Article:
The Red Sox are rumored to be interested in Zack Godley.
The right-hander has five years of major league experience spent primarily with the Arizona Diamondbacks. Godley owns a career 37-30 record and 4.68 ERA, although his 4.13 FIP indicates he’s pitched better than his ERA suggests.
The 30-year-old flashed plenty of potential during his breakout 2017 season when he owned a 3.37 ERA, 1.14 WHIP, and 9.6 K/9.
Godley’s career took a step back the following year due to some control issues. He produced a 4.1 BB/9 while leading the league with 12 hit by pitches and 17 wild pitches. Command has never been his calling card but Godley’s previous track record shows he’s not nearly as wild as he showed in 2018.
Last year his control was moderately better but his strikeout rate plummeted to a career-low 6.8 K/9. Arizona tried moving him to the bullpen following a brutal start to the season but they ultimately ended of designating him for assignment in August.
The Toronto Blue Jays scooped him up off waivers and he finished the year by carving out a modest role in their bullpen, posting a 3.94 ERA in 16 innings down the stretch.
Godley signed a minor league deal with the Detroit Tigers which included incentives that potentially would have added up to $3 million. The Tigers released him on Monday once they determined he wouldn’t crack their rotation to open the season.
A pitcher who has struggled the last two years and wasn’t deemed worthy of a rotation spot on one of the worst teams in the majors isn’t exactly inspiring. Beggars can’t be choosers though. Boston’s rotation is dangerously thin as the regular season rapidly approaches so any starting pitcher with a pulse is worth kicking the tires on.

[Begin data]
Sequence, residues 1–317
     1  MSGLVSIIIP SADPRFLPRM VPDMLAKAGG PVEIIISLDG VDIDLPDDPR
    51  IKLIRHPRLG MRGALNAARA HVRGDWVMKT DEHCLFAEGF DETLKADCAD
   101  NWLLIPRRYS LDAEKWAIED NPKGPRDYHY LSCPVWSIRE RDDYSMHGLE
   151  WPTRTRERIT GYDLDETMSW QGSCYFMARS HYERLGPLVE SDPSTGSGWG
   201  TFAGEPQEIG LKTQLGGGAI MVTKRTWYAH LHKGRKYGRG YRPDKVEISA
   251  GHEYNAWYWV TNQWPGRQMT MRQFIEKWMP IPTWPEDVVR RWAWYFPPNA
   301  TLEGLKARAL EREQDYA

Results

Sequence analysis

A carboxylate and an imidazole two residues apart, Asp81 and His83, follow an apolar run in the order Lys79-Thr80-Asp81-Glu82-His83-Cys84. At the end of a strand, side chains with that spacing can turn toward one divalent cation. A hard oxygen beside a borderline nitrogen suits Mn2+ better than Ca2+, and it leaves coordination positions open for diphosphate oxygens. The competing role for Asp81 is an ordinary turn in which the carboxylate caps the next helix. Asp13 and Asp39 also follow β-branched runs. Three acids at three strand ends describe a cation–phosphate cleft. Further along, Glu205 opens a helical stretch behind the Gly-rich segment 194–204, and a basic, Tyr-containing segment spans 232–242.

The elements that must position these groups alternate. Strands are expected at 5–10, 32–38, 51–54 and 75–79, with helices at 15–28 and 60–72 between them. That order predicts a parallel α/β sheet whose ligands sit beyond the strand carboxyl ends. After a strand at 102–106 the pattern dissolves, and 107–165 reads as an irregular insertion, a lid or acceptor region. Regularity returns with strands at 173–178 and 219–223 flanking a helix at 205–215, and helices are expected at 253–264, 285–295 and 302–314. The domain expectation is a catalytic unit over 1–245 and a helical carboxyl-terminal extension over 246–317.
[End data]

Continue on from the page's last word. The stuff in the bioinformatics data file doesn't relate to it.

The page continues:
Chris Sale is out for the year and de facto No. 1 starter Eduardo Rodriguez remains away from the team while recovering from COVID-19. Nathan Eovaldi is the likely Opening Day starter despite coming off a dismal season and he’ll be followed by Martin Perez, an underwhelming veteran who the Red Sox found in the bargain bin last winter. The state of the rotation is so dire that fans are trying to talk themselves into Ryan Weber being a viable No. 3 starter.
Godley isn’t a sexy option but no pitcher available less than two weeks before Opening Day is going to inspire much confidence. He could continue his trend from the last two years by being a complete bust but at least he has some upside considering he’s done it at this level before. That’s more than we can say about some of the other back of the rotation options on this club.
If Boston does land Godley, expect it to be a short-term incentive laden deal similar to what he signed with Detroit, only prorated for this 60-game season. It’s hard to imagine him being much worse than his competition for the fourth or fifth slot in the rotation but if he doesn’t pan out, it shouldn’t cost them much.
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On the other hand, if Godley rediscovers some semblance of command and improves his strikeout rate back to his career level of nearly a batter per inning, he could end up being a bargain signing who can help stabilize Boston’s floundering rotation.